Here’s what they do. When late fall approaches, bats abandon their summer roosting sites which are generally warm and comfy structures, and preferably select more cooler places (about 10 degrees or so) to temporarily roost before moving into their winter hibernation sites.

In these cold roosting sites, the bats temporarily reduce their physiological activities in the day time for periods up to 14 hours or so. This reduction in activities is also termed as torpor. In the night, the bats go out and try their luck for a forage.

This behaviour significantly reduce the energy expenditure of the bat by a great degree compared to when it chooses to roost in a warmer place and maintain normal euthermic conditions.

With the little food they able to find along with this drastic reduction in energy consumption on a daily basis, bats are able to gather enough fat reserves even while they have very little resources to feed from.


Bats hibernate in underground spaces such as caves, mines, tunnels, cellars and bunkers. They can even use house attics to hibernate.

Temperature requirements depend on species and some can even be observed to migrating their hibernating homes when tempreatures fall below a set point. Bats can also migrate their hibernating homes when they become flooded or ambient temperatures drop below their specific threshold. 

While hibernating, bats live primarily off their body fat reserves. They begin searching for hibernating dens after depositing enough fat reserves to last them throughout winter. Bats enter into hibernation around early november or so.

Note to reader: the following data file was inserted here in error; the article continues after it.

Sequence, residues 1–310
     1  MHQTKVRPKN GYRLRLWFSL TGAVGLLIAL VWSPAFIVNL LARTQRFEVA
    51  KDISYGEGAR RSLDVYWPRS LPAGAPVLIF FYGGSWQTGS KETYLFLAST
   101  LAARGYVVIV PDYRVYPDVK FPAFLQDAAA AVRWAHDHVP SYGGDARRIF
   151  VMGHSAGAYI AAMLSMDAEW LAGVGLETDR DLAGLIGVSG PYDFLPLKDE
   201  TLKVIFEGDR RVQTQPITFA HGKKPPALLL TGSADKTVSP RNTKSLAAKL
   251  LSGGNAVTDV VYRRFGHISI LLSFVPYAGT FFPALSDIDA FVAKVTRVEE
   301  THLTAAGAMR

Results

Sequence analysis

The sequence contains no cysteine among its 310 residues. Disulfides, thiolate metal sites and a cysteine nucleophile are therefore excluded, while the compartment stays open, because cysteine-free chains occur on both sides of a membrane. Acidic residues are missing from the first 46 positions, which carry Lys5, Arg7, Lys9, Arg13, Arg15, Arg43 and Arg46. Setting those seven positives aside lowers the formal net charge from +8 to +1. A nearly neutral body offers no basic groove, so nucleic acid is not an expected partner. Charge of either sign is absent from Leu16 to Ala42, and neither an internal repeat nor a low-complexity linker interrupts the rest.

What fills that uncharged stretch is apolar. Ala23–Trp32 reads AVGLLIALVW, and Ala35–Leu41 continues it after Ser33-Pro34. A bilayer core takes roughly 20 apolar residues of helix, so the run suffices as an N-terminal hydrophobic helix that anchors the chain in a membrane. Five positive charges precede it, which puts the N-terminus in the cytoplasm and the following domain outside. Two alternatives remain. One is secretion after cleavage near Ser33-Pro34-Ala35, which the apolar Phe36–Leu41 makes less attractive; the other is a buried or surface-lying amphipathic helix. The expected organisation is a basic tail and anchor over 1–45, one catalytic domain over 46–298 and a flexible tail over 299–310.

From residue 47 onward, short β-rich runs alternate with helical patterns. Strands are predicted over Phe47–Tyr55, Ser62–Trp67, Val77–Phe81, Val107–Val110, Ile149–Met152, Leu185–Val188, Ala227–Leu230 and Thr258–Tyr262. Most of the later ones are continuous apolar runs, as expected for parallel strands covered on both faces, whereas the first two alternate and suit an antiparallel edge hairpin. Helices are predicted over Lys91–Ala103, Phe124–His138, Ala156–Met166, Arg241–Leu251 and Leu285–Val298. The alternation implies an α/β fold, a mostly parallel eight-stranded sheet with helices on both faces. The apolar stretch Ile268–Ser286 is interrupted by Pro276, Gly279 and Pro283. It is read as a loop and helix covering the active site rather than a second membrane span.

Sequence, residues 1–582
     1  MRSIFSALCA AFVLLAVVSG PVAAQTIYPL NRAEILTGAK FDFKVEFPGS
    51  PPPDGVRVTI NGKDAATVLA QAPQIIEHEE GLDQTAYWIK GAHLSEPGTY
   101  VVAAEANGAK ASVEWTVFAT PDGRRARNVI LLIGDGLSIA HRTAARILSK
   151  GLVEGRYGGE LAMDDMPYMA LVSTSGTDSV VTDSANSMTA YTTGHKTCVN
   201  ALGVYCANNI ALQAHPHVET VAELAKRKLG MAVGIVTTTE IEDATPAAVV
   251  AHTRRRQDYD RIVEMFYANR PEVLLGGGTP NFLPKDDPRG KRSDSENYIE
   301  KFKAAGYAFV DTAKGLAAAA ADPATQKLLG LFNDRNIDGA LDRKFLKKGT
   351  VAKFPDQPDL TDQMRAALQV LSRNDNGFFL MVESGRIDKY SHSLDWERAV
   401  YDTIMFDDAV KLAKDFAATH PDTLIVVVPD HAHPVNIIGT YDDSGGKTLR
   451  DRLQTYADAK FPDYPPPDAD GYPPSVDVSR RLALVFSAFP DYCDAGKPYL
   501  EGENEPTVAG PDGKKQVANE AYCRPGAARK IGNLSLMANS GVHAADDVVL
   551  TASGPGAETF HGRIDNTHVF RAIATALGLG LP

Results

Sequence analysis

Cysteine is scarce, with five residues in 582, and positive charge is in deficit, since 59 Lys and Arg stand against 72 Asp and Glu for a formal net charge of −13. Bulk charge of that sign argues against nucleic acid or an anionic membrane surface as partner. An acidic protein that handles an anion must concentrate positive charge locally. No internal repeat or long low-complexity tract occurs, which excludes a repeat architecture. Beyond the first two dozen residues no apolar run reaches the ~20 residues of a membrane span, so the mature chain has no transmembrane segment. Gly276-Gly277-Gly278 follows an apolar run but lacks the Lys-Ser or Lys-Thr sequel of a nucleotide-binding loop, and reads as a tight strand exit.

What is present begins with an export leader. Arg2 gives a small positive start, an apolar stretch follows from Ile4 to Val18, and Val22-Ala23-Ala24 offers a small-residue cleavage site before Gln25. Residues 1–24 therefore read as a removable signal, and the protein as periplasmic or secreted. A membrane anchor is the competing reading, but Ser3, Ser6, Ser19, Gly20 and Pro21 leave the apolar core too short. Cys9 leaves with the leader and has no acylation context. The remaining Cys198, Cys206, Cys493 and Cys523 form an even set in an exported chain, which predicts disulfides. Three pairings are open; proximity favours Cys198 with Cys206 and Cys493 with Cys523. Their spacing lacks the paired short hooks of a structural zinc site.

While hibernating, bats significantly reduce many physiological activities from heat rate, breathing rate to respriation and metabolic rate.

Studies have show that bats can significantly reduce their metabolic rates by upto 99 percent. This enables them to survive on very little energy reserve until spring.

During hibernation, bats periodically arouse and return their bodies to euthermic conditions. All hibernating animals do so and the reason why such arousal occurs still remains a mystery to the scientific community.

While awake, bats do not feed, urinate or defecate. They simply awaken to stretch their bodies and return back to dormancy after some few days. Frequency of arousal in bats can vary from few weeks to as long as six months on a stretch depending on individuals and on species. 


Bats awaken around early spring when productive vegetations have arrived. They abandon their roosting sites and resume normal biological activities and lifestyle. 

More interesting hibernation articles

Cite this Article (APA Format)

Bunu. M. (2020, June 28). Do bats hibernate?. Retrieved from